But I love that. Because by the time you finally do show us the device, it’s so secondary …
Right, exactly. And it’s mysterious. I took a design cue from the gadget at the original Trinity site, where the first atomic bomb had been set off. I wanted it to look like it felt dangerous, but also crude and mysterious. There’s no indication on the outside of the device as to how it worked. Because that was these characters’ perspective on it. None of the characters in the movie know how it works. They just have to deal with the consequences of this monolithic thing. It’s like the monolith in 2001. It’s basically an alien technology to them, and they just have to deal with what it is presenting them.

Was it always going to be Bruce Willis as “Future Joe?”
No, but it was always Joe. I wrote the part for Joe. But Bruce I cast when we started the process.

Does Joe have a bag of impressions he could have pulled out if you didn’t get Bruce?
[Laughs] I’m sure he can do anything. No, it actually was a problem because they look so dissimilar. And that’s when we had to get into the makeup. His mannerisms sell it, though. And that’s when we realized that Joe had to wrap himself around Bruce, and not the other way around. We know Bruce so well, it just made sense to use that as our constant and have Joe mirror him.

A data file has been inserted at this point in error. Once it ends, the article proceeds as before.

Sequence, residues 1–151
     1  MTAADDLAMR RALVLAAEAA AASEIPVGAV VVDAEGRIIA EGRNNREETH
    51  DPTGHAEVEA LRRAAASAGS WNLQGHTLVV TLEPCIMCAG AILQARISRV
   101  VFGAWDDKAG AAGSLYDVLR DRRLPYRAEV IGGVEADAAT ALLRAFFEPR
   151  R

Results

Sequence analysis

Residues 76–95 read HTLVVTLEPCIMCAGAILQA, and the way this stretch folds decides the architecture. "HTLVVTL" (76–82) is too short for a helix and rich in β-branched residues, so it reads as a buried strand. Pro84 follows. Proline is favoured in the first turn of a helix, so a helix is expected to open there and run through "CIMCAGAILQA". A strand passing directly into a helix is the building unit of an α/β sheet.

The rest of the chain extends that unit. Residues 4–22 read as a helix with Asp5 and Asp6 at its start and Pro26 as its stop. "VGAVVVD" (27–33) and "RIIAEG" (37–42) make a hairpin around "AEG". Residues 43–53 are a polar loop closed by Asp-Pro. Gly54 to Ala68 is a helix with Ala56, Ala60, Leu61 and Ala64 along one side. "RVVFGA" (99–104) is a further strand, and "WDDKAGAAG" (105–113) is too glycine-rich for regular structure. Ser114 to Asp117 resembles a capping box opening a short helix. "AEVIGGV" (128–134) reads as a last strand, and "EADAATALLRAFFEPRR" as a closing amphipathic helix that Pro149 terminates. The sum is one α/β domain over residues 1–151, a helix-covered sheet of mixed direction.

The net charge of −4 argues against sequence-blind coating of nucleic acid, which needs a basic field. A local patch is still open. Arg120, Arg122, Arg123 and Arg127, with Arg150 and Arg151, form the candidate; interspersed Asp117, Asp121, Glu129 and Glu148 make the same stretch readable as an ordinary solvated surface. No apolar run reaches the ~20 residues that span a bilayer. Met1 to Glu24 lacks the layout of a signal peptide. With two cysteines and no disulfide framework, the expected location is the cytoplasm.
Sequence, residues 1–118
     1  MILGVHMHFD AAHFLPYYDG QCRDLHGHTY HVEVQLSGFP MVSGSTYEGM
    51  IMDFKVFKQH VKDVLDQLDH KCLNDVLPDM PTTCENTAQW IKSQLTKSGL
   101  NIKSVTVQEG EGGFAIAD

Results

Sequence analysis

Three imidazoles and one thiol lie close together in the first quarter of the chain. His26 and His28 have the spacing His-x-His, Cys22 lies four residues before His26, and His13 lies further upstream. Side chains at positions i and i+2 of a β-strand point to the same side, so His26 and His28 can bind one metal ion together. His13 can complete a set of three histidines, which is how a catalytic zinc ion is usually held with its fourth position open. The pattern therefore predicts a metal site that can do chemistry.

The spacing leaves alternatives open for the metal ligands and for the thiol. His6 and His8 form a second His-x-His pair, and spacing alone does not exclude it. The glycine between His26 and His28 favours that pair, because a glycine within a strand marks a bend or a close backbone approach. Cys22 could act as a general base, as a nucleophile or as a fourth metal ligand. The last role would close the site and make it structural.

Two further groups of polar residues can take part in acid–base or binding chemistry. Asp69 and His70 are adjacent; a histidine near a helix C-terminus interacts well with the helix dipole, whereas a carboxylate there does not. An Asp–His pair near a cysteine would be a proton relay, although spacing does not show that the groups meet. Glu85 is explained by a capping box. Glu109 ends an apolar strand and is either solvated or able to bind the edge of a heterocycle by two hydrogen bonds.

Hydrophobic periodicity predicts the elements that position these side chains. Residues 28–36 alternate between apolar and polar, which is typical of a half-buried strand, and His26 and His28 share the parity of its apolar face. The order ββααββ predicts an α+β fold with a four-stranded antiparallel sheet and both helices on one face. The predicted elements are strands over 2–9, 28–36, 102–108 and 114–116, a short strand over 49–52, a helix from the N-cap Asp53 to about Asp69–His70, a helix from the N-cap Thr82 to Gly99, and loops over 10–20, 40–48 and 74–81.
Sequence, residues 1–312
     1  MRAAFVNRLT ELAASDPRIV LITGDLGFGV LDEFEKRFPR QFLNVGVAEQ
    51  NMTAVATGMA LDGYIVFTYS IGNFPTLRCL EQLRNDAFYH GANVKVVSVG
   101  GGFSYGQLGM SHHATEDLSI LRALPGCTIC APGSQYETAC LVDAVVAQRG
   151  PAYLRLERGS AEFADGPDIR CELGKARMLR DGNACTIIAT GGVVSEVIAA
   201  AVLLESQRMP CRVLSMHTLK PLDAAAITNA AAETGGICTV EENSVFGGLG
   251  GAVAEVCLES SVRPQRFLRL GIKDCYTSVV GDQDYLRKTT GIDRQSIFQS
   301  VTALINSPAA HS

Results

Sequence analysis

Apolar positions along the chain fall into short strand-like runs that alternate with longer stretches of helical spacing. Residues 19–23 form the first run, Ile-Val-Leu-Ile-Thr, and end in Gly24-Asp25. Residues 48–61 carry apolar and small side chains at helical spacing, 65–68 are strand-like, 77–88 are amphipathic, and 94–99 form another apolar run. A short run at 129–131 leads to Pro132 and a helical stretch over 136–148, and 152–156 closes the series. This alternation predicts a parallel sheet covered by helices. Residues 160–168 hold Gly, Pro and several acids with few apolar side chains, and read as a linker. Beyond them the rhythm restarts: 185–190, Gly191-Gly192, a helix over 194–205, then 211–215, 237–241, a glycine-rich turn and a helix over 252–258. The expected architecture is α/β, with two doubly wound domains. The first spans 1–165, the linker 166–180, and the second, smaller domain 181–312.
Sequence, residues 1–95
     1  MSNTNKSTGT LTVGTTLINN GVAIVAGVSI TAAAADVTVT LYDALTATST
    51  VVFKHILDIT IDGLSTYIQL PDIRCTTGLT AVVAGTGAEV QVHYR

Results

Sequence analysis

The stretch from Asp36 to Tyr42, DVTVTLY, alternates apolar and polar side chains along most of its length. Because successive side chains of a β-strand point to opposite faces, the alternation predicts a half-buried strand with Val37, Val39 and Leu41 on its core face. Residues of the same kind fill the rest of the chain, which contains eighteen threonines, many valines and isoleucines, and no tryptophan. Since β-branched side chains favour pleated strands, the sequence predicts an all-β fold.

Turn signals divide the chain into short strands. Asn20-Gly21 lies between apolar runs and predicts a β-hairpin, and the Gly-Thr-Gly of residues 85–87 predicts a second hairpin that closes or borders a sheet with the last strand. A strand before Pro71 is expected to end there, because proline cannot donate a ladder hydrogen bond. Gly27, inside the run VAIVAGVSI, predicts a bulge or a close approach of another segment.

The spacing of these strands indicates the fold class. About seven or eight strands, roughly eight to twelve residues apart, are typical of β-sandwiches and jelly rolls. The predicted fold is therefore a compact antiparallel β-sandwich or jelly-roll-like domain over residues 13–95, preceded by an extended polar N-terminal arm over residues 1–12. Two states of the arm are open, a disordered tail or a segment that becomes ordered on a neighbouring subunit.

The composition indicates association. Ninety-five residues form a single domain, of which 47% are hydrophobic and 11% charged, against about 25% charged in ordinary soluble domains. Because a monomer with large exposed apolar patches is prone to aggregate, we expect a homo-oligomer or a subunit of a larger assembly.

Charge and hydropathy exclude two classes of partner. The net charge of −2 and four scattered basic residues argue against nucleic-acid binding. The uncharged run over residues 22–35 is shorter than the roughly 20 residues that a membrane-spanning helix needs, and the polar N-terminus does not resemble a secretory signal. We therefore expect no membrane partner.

And it seems like you guys captured Bruce before he was, you know, “Bruce.”
That’s actually a great observation. What Joe did was he watched movies from Bruce now. He didn’t go back and watch movie from young Bruce, so he wasn’t imitating a young Bruce Willis. He was creating a character you could buy as a younger version of today’s Bruce Willis. And that, I think, was an important choice.

Looper is in theaters now.

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